The 70% rule doesn’t work as well if you want to buy a home and hold onto it for years, renting it out while you wait for it to increase in value. That’s because it’s difficult to guess how much a home will be worth in the future. And if you can’t accurately predict a home’s after-repair value, the 70% rule loses its value.

Flipping Houses And The 70% Rule FAQs

Ready to try the 70% rule? Here are the three most important questions you’ll face.

How do I calculate ARV?

The biggest challenge with this rule is coming up with an accurate figure when you calculate ARV. If you overestimate your home’s after-repair value, you could watch your profits dwindle as you are forced to sell the property for a lower sales price.

To estimate your ARV accurately, then, it’s important to study the neighborhood in which a home sits and research what comparable properties in the neighborhood sell for. If homes similar to the one you are buying and flipping sell for $180,000, don’t expect to fetch a much higher price when you go to sell.

If you want to flip a home, it’s important to first develop relationships with real estate agents who know the market well and can pull comparable sales for you to use as a guide.

How do I estimate the costs of repairs?

One of the challenges of investing in real estate is estimating how much it will cost to repair or renovate a home. If you’re new to flipping, it’s important to work with a home inspector and a contractor to get a detailed picture of the renovations a home needs and an estimate of how much they will cost.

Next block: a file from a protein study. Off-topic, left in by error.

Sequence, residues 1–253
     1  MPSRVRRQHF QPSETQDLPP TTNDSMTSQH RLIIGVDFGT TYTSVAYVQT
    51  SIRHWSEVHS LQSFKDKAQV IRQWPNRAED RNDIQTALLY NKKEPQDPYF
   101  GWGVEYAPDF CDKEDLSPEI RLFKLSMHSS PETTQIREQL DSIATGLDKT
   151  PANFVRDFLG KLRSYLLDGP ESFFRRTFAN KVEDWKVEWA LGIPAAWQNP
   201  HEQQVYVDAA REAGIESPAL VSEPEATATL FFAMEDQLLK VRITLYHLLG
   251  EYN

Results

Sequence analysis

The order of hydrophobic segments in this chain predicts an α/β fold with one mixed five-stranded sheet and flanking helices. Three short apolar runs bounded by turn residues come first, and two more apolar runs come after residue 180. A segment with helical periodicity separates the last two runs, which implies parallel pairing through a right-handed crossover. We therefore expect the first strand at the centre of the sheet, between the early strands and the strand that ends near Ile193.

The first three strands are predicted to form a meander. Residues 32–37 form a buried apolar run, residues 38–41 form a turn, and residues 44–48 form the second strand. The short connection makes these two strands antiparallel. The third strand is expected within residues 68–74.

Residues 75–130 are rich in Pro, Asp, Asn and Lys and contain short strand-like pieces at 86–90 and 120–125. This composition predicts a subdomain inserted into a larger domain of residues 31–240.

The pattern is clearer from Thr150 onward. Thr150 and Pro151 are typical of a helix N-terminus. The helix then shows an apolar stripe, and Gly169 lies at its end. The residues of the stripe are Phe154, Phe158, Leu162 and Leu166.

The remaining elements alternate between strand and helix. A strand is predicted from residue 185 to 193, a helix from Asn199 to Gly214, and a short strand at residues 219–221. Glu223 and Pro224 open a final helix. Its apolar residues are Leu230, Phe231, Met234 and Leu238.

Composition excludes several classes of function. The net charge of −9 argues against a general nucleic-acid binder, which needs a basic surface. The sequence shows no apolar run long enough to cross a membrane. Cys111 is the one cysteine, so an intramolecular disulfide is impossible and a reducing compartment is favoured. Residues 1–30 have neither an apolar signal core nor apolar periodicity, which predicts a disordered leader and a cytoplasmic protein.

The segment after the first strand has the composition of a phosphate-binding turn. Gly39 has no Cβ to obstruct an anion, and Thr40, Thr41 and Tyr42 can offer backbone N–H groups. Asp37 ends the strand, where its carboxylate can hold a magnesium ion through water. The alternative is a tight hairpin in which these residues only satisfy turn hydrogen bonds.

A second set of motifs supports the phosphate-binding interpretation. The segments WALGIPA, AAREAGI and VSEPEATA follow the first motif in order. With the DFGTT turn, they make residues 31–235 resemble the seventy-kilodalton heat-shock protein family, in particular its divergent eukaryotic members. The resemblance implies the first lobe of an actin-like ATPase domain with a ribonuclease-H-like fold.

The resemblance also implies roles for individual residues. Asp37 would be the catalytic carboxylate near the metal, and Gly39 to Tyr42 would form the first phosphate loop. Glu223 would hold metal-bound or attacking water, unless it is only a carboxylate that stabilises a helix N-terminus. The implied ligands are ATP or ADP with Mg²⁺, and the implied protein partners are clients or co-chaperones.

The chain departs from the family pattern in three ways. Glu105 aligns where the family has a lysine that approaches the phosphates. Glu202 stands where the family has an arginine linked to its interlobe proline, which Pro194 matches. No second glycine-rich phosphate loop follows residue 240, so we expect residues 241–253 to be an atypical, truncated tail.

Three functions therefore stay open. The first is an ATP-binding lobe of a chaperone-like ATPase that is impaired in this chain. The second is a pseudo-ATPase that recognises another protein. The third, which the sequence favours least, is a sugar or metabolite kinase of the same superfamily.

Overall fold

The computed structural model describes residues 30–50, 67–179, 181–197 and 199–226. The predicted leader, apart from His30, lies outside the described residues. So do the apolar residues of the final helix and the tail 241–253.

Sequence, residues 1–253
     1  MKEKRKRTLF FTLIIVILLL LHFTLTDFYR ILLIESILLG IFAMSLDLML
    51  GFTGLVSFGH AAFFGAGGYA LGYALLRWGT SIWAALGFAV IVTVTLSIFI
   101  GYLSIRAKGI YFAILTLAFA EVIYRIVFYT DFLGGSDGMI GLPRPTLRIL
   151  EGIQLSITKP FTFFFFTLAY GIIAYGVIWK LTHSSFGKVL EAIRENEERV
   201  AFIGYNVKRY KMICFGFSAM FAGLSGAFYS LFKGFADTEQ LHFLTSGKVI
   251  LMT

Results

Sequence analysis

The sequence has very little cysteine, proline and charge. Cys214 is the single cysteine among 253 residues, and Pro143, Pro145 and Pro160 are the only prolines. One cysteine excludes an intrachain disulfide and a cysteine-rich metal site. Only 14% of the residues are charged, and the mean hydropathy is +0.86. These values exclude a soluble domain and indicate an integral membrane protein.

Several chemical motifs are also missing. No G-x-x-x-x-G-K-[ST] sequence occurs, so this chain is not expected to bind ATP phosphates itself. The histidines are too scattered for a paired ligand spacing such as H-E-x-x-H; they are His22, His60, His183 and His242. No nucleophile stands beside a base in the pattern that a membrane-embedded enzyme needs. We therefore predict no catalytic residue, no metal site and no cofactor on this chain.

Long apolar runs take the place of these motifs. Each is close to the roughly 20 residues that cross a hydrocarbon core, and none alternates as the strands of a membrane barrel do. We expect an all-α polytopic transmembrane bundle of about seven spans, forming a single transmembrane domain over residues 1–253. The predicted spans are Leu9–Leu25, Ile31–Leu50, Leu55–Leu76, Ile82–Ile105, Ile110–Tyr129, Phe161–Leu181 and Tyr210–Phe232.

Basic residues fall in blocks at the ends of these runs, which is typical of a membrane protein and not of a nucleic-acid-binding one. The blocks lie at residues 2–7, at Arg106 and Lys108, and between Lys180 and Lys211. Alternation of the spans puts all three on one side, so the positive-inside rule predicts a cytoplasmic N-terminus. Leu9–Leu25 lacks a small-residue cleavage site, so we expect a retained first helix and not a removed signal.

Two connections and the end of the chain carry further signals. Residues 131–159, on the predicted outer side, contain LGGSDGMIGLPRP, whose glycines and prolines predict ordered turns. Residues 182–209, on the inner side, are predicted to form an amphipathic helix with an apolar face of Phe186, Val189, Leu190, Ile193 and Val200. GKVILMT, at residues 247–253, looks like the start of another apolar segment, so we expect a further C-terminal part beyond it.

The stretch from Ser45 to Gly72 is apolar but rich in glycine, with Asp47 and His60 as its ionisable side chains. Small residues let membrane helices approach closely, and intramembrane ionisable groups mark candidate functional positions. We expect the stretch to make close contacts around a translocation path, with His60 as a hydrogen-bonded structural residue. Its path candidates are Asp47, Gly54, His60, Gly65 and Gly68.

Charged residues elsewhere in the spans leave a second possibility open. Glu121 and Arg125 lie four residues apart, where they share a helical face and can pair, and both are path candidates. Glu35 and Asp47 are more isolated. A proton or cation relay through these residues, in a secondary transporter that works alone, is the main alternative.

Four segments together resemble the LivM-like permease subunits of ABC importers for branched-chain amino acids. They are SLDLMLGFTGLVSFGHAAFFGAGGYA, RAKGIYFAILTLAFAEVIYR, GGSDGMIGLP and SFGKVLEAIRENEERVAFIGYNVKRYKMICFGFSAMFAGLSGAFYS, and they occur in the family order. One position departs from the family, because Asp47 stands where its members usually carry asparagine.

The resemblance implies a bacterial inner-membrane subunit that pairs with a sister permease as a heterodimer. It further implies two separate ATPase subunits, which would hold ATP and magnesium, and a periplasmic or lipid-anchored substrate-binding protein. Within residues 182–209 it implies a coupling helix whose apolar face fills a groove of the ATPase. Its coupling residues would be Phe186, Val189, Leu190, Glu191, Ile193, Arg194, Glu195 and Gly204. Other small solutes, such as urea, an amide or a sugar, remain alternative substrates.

A home inspector can also advise you on whether there are any serious problems with a home – such as a sagging foundation, mold or a rotting roof – that might make investing in a property overly expensive.

What costs should I include when estimating costs?

Repairs are typically the biggest expenses involved in flipping a home. But they aren’t the only costs you’ll face.

If you are working with a real estate agent to sell your renovated home, you’ll need to pay that professional a commission that will eat up part of your profits. If you are taking out a mortgage to finance the purchase of a home, you’ll need to pay such fees as title insurance and closing costs, which are the fees that lenders and third parties charge to originate and close your mortgage loan. These costs will vary, but you can expect to pay 2% – 5% of your loan amount in closing costs.

Holding costs are another expense. As the name suggests, these are the costs you'll take on while you own a house and before you sell it. These could include homeowners insurance, property taxes, utility bills and any property maintenance you need to do before flipping your property. The amount you’ll pay in holding costs depends on the state in which your home is located and how long you plan on holding onto it before reselling.

Bottom Line: The 70% Rule Is A Good Rule Of Thumb, But It’s Not A Substitute For Detailed Analysis

Flipping a home can be profitable. But new investors should realize that this money-making strategy does come with risks. If you’ve never flipped a home before, plan on spending more money than you think while making less than you expect when you sell. As with anything, flipping homes comes with a learning curve. Consider any mistakes you make when starting out as the price of educating yourself on how real estate markets work.

And that 70% rule? Treat it as a rule of thumb. But don’t skimp on detailed research of the neighborhood in which you want to buy, average sales prices in that neighborhood and the average cost of renovating a property there.

If you’re ready to take the plunge, read more about investing in real estate so that you can be as prepared as possible.

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Dan Rafter

Dan Rafter has been writing about personal finance for more than 15 years. He's written for publications ranging from the Chicago Tribune and Washington Post to Wise Bread, and